BRAF mutations can be predictive of response to targeted therapy, as shown in the recently published BEACON trial.6 In this study, 655 patients with BRAFmt mCRC whose disease progressed on at least one prior line of therapy were randomized to cetuximab + the investigator’s choice of either FOLFIRI or irinotecan versus encorafenib (BRAF inhibitor) + cetuximab (anti–endothelial growth factor receptor [EGFR]) or encorafenib + cetuximab + binimetinib (MEK inhibitor). Objective responses were significantly higher and overall survival (OS) was significantly improved in the doublet and triplet arms compared with chemotherapy.6 Based on these results, encorafenib gained regulatory approval by the FDA, and the doublet of encorafenib + anti-EGFR therapy has become the second-line standard of care in this patient population.

Optimal first-line (1L) treatment of patients with BRAF-positive mCRC remains to be defined. Given the poor prognosis of BRAFmt mCRC, it has been hypothesized that giving FOLFOXIRI up front may give patients the best chance to be exposed to the most active agents in this disease. Indeed, a phase II trial with FOLFOXIRI in BRAFmt mCRC resulted in a median OS of 24.1 months, which compared favorably with historical control patients.7 A randomized phase III study recently evaluated 1L FOLFOXIRI + bevacizumab versus FOLFIRI + bevacizumab in patients with mCRC.8 The triplet arm resulted in improved OS (29.9 vs 25.8 months; hazard ratio [HR], 0.80; 95% CI, 0.65–0.98) at the expense of increased toxicity. The survival benefit seemed to be independent of BRAF mutations. However, the study only enrolled a small number of patients with BRAF mutations (n=28). Median OS in the BRAF and RAS wild-type (wt) group was 37.1 months compared with 13.4 months for the BRAFmt group (HR, 2.79; 95% CI, 1.75–4.46; P<.0001). These results again highlight the poor outcomes associated with BRAFmt mCRC.

Although potential improvement in survival with FOLFOXIRI has been suggested, current NCCN Clinical Practice Guidelines in Oncology (NCCN Guidelines) for Colon Cancer (Version 4.2020) still do not give preference to one specific 1L cytotoxic regimen for patients with BRAFmt mCRC.9 As such, in this study we sought to use real-world data from a large cohort of patients in the United States to assess changes in BRAF testing rate over time, to determine the prevalence of FOLFOXIRI use, and to compare survival outcomes in mCRC stratified by BRAF mutation status and 1L therapy.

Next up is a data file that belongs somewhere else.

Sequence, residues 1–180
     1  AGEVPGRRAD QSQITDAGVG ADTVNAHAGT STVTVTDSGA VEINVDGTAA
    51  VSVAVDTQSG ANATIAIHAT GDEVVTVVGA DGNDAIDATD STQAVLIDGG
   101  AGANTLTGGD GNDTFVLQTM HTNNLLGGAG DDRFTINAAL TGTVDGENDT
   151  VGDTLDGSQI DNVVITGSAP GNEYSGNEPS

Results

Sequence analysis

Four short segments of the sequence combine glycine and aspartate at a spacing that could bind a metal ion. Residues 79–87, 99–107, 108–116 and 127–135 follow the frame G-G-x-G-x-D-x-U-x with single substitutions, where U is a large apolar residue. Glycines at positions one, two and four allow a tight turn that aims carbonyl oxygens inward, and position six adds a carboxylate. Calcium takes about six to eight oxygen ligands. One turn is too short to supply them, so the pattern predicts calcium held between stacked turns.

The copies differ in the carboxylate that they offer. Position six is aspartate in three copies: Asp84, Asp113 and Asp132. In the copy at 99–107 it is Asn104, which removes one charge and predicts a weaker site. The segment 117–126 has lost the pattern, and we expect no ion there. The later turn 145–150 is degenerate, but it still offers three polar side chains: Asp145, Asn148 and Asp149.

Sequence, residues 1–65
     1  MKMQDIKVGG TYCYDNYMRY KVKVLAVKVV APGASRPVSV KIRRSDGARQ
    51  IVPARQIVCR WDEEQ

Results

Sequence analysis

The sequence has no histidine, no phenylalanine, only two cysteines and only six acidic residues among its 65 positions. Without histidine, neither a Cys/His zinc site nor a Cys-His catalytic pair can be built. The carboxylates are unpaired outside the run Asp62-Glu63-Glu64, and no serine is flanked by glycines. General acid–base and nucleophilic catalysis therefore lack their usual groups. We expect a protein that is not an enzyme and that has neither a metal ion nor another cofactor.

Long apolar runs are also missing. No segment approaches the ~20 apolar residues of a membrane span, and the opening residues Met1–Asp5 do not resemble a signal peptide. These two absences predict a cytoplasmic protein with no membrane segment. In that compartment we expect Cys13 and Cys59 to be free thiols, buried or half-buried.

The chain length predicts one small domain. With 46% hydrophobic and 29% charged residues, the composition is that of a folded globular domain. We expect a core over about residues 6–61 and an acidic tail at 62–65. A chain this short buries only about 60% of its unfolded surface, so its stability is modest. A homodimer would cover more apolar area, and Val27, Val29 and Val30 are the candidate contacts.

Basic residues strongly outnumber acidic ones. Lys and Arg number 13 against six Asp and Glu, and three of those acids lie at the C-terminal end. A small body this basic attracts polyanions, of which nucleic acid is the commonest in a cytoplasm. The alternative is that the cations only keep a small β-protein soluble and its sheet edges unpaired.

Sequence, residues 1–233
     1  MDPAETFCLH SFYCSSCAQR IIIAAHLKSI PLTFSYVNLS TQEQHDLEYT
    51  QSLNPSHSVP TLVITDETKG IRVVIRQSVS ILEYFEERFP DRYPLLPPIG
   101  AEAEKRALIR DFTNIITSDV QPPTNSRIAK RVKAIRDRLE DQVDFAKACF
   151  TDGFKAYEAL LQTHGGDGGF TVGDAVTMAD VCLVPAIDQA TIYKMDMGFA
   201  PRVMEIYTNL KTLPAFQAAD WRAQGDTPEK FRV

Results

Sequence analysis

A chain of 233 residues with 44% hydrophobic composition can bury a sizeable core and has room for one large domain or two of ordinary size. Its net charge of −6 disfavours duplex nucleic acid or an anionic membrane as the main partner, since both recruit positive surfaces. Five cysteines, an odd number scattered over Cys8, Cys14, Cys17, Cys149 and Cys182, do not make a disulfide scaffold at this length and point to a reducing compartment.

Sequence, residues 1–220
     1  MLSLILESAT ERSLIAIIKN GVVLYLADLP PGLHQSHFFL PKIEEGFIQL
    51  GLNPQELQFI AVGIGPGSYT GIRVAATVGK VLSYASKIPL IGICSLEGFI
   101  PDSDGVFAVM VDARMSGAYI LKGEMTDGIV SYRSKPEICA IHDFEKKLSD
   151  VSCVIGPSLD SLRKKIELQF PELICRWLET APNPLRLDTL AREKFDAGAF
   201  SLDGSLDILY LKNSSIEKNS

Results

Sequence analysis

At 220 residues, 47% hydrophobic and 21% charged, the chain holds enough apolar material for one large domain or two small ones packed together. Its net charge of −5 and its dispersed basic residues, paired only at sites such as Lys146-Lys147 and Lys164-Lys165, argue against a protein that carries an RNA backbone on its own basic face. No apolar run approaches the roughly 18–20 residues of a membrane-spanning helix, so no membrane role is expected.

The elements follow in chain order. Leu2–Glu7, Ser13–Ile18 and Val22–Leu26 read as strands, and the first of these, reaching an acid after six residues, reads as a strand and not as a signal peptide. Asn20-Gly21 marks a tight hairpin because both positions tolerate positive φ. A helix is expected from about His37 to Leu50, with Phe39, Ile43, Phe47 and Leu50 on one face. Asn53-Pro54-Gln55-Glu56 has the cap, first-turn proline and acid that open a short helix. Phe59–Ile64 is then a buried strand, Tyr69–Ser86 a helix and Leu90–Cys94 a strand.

Methods

Data Source

This study used the nationwide Flatiron Health electronic health record (EHR)–derived deidentified database. During the study period, the deidentified data originated from a geographically diverse group of approximately 280 US cancer clinics (∼800 centers of care), representing a mixture of academic and community care centers. Deidentified patient-level data in the longitudinal Flatiron Health database include structured data, such as laboratory values, and unstructured data extracted from patient charts using a technology-enabled abstraction process.10,11 University of Utah Institutional Review Board approval of the study protocol was obtained before study conduct and included a waiver of informed consent.

Study Population

We reviewed the EHR-derived deidentified database for patients diagnosed with mCRC between January 1, 2013, and December 31, 2018. Patients who had documented BRAF mutation testing at any time within 6 months of metastatic diagnosis and received standard 1L chemotherapy were included for analysis. Standard 1L chemotherapy was defined as FOLFOX, CAPEOX, FOLFIRI, or FOLFOXIRI. Patients who did not have a visit or medication order within 90 days of metastatic diagnosis were excluded to ensure that patients were engaged with care at the data-providing institution.